I recently shared a story with employees at Mailchimp about what it was like for me and Dan Kurzius to start our own company in the early 2000s.
About 20 years ago, Dan and I created an internal tool that we used to help our small business clients send out email newsletters. As more clients saw the power of email, we decided to make the app self-serve, delightful to use, and open to the public.
Now, most of you wouldn’t know this, but the name of our little tool was “WeeMailer” (the app was small, fun to use, and collaborative, so “wee” covered all the bases). When I went to buy the domain “WeeMailer” I stopped to reflect a little. “Would we always be small?” Perhaps most importantly, “shouldn’t we exploit the fact that all humans love and adore monkeys?”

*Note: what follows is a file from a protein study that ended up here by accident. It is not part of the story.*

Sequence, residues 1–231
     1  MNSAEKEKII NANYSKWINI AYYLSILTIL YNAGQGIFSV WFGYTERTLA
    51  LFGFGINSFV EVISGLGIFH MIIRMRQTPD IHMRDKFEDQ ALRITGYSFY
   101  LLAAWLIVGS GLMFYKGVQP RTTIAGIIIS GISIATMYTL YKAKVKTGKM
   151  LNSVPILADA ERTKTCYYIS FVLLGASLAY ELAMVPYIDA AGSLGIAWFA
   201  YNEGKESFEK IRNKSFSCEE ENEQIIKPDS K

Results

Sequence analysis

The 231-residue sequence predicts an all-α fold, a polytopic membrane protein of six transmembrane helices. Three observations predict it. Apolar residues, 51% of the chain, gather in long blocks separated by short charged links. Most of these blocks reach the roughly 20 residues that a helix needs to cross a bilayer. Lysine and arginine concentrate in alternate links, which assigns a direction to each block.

I made the decision to buy the domain name, “ChimpMail.” It was taken, so I bought the domain, “Mailchimp.” That one act—purchasing a domain name—is how this 19-year-old, 1,200-employee, multimillion-dollar company came about.
Back then, there wasn’t one place we could go to take our business online, start marketing our products, and grow our customer base. We had to use one provider for our domain, another to host our website, and yet another to do any kind of SEO or direct marketing.